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Compassion In Kenya


Compassion CBO

Compassion CBO, was formed to eradicate poverty through education and sustainable development among women living in the slums and rural areas of Kenya and to rehabilitate orphans and vulnerable children.

Survivors In DR Congo



COFAPRI is based in Bukavu in the eastern Democratic Rupublic of Congo The organisation empowers women through encouraging income-generating activities such as the rearing of livestock.

Grassroots News

Safe World Field Partner, work directly with issues such as poverty, health-care, marginalisation, FGM, child marriage, and education.

Asha Leresh

How Asha Survived the Unnecessary Cut

Asha’s luck came when Samuel Siriria Leadismo, the Director of Pastoralist Child Foundation and his team visited her village, creating awareness about female genital mutilation (FGM) and sexual reproductive health....

Washing Hands to Improve Health in Rural DR Congo

COFAPRI organised handwashing sessions for school children and mothers in rural villages, with the aid of educational DVDs kindly supplied by Thare Machi Education. The word has begun to spread as neighbours are now prompting each other to wash their hands.
Safe Spaces

Safe Spaces Crucial for Women's Self-Reliance in Rural DR Congo

Increased security helps women become self-reliant and less financially dependent on their husbands. This improves the situation for the whole family and also means the women are less vulnerable to abuse.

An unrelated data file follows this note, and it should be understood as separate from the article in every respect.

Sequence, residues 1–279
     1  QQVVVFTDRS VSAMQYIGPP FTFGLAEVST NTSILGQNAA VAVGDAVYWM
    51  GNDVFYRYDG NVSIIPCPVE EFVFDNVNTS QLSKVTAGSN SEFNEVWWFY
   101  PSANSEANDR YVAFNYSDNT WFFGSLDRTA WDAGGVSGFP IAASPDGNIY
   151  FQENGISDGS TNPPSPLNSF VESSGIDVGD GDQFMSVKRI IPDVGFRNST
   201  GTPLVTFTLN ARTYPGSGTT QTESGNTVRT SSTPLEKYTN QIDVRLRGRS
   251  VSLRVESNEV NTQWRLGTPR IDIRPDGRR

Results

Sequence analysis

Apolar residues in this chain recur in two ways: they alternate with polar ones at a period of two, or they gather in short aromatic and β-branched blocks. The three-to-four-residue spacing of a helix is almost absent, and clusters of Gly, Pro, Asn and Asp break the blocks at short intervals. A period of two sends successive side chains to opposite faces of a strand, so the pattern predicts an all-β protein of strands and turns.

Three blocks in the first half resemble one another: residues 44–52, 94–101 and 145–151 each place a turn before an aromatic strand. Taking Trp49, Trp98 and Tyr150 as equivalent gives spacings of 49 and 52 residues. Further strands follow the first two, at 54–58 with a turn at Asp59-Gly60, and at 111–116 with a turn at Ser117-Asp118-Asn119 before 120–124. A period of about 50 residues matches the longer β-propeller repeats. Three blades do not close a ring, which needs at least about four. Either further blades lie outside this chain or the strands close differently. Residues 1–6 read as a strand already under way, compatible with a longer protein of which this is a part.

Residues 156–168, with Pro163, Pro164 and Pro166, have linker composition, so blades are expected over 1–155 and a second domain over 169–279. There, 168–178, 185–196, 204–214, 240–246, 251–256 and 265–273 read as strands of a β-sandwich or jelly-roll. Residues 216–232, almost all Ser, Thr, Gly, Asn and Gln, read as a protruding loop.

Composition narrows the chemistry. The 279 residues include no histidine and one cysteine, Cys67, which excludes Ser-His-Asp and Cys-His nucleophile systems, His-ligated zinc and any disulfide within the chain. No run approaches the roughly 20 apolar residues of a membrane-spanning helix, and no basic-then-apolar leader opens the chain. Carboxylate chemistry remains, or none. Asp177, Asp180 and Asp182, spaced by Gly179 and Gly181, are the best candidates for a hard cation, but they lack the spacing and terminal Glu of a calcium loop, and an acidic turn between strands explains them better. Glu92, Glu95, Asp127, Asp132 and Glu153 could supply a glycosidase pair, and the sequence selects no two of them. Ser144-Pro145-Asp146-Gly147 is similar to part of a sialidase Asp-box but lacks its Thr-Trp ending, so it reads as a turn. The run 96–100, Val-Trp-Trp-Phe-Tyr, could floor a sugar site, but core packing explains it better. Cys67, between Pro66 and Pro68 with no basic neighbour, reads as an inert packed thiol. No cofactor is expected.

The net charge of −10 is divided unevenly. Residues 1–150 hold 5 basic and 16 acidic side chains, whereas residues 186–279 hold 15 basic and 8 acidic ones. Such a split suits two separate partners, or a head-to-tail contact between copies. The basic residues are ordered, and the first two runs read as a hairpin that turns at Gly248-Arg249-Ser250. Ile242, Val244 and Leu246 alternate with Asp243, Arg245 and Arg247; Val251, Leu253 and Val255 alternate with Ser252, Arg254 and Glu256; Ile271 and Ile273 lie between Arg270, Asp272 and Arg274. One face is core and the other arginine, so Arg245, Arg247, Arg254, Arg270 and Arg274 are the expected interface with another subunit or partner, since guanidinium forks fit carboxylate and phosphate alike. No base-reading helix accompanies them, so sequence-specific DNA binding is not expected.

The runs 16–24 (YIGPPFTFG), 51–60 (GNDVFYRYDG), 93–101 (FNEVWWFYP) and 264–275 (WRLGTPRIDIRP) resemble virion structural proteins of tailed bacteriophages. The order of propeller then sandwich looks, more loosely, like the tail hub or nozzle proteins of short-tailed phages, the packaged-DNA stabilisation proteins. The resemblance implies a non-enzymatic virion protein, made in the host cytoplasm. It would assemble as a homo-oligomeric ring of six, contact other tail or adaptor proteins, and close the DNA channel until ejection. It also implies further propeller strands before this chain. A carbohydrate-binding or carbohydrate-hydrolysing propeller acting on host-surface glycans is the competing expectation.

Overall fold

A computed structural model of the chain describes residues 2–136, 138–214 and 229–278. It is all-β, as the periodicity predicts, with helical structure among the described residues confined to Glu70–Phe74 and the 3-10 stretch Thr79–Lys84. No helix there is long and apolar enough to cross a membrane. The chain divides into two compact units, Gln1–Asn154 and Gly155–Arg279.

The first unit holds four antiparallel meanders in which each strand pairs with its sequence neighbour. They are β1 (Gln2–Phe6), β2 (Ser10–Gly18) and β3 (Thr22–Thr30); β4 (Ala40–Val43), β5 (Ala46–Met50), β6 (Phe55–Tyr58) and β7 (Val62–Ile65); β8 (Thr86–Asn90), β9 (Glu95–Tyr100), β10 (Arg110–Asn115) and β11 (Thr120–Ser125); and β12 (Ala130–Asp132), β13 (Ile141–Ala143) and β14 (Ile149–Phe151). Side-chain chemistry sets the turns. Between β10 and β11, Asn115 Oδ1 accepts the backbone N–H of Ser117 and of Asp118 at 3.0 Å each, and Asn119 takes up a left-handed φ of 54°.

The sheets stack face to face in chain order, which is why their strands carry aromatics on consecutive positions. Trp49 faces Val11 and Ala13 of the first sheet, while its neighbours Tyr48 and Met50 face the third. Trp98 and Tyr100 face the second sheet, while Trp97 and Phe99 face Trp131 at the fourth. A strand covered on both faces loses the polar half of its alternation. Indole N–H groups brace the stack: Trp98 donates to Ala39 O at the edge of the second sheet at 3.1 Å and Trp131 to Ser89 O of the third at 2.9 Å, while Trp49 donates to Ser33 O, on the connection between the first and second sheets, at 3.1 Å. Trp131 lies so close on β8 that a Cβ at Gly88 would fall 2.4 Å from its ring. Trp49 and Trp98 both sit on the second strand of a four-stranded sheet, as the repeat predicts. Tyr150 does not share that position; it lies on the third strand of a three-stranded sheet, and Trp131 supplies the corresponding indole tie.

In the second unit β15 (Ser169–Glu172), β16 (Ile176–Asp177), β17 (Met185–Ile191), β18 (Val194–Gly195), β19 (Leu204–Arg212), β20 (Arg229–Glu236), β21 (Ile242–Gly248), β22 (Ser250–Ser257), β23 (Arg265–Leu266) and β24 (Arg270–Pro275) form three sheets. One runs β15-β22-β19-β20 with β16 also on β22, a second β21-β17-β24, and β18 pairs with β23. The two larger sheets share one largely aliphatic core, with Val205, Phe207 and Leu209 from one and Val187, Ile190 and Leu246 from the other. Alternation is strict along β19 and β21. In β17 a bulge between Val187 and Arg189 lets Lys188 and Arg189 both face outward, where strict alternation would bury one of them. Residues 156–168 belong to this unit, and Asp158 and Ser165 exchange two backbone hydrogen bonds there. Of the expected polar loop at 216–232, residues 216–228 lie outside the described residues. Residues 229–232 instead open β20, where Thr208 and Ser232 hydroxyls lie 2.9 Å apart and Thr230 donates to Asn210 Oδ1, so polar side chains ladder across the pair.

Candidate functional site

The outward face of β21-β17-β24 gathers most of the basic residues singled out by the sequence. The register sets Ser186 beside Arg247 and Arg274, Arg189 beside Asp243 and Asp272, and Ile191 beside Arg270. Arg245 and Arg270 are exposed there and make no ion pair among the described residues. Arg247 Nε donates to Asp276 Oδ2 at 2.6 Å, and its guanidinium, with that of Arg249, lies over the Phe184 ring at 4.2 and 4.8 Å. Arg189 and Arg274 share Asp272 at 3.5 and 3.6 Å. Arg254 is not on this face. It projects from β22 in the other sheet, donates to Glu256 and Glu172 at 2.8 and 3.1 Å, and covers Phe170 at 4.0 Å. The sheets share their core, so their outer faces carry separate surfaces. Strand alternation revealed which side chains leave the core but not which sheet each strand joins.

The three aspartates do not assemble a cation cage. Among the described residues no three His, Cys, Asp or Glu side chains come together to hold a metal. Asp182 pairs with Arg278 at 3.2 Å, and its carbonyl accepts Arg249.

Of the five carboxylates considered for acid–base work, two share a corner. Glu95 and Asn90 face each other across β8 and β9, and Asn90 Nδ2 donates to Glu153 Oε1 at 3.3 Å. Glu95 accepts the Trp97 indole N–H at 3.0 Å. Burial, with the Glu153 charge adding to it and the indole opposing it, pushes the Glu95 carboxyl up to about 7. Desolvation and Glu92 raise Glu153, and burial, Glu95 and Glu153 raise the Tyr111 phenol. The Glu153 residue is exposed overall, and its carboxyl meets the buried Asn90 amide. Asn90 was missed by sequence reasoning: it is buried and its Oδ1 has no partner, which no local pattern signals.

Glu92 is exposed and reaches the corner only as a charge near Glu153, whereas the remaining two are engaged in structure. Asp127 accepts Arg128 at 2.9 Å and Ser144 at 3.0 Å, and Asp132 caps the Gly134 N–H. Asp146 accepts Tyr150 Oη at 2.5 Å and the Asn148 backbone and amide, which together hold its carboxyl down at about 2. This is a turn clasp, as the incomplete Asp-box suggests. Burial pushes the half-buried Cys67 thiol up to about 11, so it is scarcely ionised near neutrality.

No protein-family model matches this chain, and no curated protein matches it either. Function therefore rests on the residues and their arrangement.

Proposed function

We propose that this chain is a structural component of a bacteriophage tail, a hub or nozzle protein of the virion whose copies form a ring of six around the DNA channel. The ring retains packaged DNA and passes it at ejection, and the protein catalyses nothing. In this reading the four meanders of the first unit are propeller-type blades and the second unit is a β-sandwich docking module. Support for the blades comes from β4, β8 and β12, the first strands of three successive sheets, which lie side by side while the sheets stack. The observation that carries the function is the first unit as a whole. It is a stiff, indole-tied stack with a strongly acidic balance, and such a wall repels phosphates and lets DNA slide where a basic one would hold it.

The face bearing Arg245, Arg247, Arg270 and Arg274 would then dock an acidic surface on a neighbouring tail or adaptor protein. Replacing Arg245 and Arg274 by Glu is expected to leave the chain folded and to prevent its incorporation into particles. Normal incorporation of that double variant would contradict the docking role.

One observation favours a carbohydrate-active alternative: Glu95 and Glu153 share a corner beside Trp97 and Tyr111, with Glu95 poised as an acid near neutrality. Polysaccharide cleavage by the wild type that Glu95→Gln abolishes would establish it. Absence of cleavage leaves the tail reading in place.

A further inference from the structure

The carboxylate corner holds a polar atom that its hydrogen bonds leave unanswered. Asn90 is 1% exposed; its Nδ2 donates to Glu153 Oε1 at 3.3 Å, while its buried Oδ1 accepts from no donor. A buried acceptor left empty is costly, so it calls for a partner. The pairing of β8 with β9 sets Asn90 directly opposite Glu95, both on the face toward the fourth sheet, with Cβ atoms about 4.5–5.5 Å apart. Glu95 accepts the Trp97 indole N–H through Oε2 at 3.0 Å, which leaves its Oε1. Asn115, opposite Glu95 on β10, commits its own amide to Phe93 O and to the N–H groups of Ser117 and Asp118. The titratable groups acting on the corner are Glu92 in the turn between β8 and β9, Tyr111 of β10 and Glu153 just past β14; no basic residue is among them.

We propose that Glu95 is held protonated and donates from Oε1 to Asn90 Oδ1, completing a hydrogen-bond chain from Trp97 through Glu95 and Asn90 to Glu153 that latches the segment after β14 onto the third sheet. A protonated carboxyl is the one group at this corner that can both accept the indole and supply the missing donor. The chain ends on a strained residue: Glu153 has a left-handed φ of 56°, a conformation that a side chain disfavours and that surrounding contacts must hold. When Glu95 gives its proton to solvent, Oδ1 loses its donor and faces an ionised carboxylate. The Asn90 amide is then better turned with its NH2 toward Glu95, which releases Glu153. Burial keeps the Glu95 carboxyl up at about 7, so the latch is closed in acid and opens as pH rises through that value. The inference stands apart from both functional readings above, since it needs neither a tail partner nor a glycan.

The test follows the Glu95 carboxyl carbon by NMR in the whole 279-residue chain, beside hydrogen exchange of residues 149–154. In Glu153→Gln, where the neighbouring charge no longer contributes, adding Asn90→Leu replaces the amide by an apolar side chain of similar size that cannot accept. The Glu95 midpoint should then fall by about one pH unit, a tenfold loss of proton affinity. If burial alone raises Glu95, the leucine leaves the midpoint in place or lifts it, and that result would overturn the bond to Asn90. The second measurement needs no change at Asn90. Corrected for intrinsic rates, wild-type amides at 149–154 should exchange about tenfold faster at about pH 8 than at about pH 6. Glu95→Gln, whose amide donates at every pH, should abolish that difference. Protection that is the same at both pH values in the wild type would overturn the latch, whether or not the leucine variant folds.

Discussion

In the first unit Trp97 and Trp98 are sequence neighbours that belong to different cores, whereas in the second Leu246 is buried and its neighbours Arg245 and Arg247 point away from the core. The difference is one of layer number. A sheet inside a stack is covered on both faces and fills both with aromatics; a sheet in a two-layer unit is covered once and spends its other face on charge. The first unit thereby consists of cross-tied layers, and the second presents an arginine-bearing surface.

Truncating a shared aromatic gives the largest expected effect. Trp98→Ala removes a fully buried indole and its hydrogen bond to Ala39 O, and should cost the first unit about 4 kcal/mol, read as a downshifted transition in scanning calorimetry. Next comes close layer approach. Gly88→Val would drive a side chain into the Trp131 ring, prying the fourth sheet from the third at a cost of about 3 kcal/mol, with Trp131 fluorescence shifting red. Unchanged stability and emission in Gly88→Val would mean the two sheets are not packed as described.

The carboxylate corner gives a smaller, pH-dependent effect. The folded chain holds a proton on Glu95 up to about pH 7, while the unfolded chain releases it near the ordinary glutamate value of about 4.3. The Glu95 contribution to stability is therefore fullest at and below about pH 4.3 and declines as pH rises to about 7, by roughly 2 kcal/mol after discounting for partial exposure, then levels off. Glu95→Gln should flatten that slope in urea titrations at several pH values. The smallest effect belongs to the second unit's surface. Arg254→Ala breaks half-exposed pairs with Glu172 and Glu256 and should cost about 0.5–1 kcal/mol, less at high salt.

Towards womens empowerment

DR Congo: Men's Inclusion in Women's Empowerment Benefits Everyone

It remains very important within communities for men and boys to be educated regarding the rights of women and girls, including their proper, fair and respectful treatment. When the women and girls become empowered, it is the whole community that benefits.
Margaret from Kiambu Support Group

Nairobi cancer survivor has hope at last

Margaret is among many women Compassion CBO trained in 2015. She has survived breast Cancer 2 times.

New Womens Magazine for Cameroon

The first edition of the Women for a Change Magazine is now available.

News, Interviews and Blogs

Under-reported issues affecting women and children. Exclusive interviews, articles and blogs by Safe World Correspondents and Content Partners

Compensation Claims Board 2

The Need for Victim Compensation Programmes - Pakistan and Globally

Globally, victim compensation programmes play a significant role in providing assistance to the victims of violence... however, in Pakistan we are lacking any such programme. It is high time to take serious note of the issue and develop a strong referral…